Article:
National reporting is the primary tool for the Parties to the CBD to receive feedback on the status of implementation, and examine and review the progress made in achieving agreed global priorities.  With financial support from the GEF, the CBD Secretariat has received 179 fourth and 181 fifth national reports, close to a universal submission considering that some countries joined the CBD recently and others face internal conflicts. The information received from Parties has been used in the formulation of the Strategic Plan for Biodiversity 2011-2020 and its Aichi Biodiversity Targets, the globally agreed framework to conserve, restore and sustainably use biodiversity and enhance its benefits for people. It has also been used in the preparation of the CBD’s flagship report, the Global Biodiversity Outlook, the latest issue of which provides a global assessment of progress made in achieving the Aichi Targets, based on revised NBSAPs and fifth national reports, which was updated for the first meeting of the Subsidiary Body on Implementation.   

Harnessing opportunities for global environmental synergies

The GEF is a multi-convention financial mechanism,   and is thus uniquely positioned to identify opportunities to finance the multiple objectives of the global environmental conventions that it supports in a holistic and synergistic manner.   The GEF has increasingly used innovative approaches to focus on multi-focal area financing and integrated projects. 

The multi-convention approach has already generated significant benefits to biodiversity, and holds promise for further upscaling. According to the recent reports from the financial mechanism, in addition to the implementation of work in the biodiversity focal area, most projects under the focal areas of international waters and land degradation also address direct drivers and underlying causes of biodiversity loss, while the funding under the focal areas of climate change and chemicals also respond to several Aichi Targets of the Strategic Plan for Biodiversity 2011-2020. The importance of such synergies is recognized by the Conference of the Parties to the Convention.  At its twelfth meeting, the COP decided to invite Parties to identify national priorities in support of the implementation of the various biodiversity-related conventions that are aligned with the Strategic Plan for Biodiversity 2011-2020 and with the implementation of the Aichi Biodiversity Targets, and incorporate them into their NBSAPs.  It further invited the governing bodies of the various biodiversity related conventions to provide elements of advice concerning the funding of pertinent activities, to be shared with the GEF.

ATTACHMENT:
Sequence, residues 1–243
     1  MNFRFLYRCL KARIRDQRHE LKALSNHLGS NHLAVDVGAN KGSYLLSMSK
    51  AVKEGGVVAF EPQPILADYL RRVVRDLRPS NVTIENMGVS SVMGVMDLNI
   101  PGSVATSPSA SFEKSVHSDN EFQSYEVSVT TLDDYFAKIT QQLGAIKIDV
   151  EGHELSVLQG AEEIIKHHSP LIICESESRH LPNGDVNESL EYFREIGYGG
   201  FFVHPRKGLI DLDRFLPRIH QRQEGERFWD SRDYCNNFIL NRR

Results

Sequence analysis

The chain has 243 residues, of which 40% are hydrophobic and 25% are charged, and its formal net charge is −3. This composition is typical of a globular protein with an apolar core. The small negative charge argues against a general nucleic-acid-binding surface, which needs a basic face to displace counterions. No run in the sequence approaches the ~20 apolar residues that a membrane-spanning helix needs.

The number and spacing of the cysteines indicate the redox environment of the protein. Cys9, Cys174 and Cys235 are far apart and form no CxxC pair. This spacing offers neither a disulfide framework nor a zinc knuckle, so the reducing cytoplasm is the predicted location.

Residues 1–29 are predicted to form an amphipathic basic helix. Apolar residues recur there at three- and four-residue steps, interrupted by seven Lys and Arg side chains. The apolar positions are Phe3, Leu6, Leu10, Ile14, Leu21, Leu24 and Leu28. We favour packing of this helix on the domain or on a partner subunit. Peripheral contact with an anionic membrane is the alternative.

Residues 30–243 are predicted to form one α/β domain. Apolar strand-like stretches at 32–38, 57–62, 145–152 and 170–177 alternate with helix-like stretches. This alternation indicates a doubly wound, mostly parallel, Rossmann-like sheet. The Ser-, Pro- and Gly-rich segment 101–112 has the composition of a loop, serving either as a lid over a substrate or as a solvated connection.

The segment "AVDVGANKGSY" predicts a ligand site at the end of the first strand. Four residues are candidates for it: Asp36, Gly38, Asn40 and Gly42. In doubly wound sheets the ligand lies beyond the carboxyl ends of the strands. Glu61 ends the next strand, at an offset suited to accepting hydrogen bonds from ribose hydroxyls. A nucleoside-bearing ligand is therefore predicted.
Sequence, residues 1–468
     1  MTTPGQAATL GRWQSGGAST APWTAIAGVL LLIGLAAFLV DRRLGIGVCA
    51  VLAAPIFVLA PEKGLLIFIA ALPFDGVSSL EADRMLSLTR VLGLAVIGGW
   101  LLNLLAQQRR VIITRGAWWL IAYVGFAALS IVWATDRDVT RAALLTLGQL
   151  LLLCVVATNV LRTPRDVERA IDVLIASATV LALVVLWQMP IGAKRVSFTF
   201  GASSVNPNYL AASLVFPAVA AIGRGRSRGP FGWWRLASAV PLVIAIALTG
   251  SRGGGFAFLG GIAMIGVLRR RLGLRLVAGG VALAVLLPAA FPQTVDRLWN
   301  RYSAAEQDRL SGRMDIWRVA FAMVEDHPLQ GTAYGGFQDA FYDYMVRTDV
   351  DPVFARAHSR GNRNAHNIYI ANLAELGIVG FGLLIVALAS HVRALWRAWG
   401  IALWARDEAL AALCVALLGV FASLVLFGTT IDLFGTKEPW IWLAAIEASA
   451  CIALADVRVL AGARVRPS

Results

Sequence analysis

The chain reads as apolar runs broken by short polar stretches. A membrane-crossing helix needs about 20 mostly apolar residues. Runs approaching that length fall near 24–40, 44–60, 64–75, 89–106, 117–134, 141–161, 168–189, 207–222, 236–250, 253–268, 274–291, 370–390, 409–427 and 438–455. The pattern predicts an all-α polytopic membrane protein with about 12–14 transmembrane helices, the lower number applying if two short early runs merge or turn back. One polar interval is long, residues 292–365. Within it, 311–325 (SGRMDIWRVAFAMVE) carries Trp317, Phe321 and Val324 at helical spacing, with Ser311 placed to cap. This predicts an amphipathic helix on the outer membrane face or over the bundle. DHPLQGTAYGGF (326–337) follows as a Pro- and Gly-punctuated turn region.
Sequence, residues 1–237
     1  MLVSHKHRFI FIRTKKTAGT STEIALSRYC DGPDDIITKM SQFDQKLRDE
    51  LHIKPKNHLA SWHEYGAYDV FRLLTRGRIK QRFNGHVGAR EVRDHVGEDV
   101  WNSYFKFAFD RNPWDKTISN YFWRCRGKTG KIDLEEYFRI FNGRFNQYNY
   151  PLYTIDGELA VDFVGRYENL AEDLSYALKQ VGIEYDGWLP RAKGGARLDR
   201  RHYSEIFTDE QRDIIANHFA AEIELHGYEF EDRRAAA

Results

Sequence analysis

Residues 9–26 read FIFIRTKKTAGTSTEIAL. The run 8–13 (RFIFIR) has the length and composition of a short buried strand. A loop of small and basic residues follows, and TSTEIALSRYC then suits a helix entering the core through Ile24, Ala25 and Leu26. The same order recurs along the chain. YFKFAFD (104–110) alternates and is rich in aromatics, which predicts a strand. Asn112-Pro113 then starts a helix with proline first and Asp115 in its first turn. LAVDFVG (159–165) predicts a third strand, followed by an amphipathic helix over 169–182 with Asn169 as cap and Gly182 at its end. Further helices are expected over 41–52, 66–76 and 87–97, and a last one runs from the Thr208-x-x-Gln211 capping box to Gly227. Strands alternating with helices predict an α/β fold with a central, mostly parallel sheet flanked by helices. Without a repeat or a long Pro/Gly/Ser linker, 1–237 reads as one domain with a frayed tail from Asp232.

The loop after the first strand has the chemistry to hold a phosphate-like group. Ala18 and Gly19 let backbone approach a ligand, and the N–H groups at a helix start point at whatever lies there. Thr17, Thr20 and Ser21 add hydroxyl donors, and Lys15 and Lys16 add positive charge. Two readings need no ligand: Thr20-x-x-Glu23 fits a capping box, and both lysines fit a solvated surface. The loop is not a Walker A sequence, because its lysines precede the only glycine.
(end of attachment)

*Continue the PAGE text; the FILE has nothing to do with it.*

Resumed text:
Towards transformational change in financing

Starting with a limited number of implementation partners – the World Bank, the United Nations Development Programme and the United Nations Environment Programme, the GEF has over the years evolved into a substantial network of agencies, which now includes four major regional development banks, United Nations development system organizations, and selected international environmental organizations.  In 2011, the GEF Council approved Agency Minimum Standards on Environmental and Social Safeguards and a Gender Mainstreaming Policy, and started to assess the GEF agencies as to whether they met the requirements of both policies. All GEF partner agencies are expected to meet the criteria for Minimum Standard 1 (Environmental and Social Impact Assessment) and Minimum Standard 2 (Natural Habitats), as well as on a case-by-case basis, Minimum Standards 3 (Involuntary Resettlement), 4 (Indigenous Peoples), 5 (Pest Management), 6 (Physical Cultural Resources), and 7 (Safety of Dams).  The policy on environmental and social safeguards has also been extended to new agencies, such as subregional development banks and national partner agencies. 

The GEF as a partner for the future

With 25 years of operational experience behind it, the GEF has truly come of age. It has become stronger, both institutionally and strategically. There is no doubt that, given more resources, the GEF will be able to play an even greater role in supporting the implementation of the Convention and its Protocols.   On this celebratory occasion, I know that I am not alone in saluting its many achievements and wishing it many more years of being at the forefront of tackling the world’s most pressing environmental problems.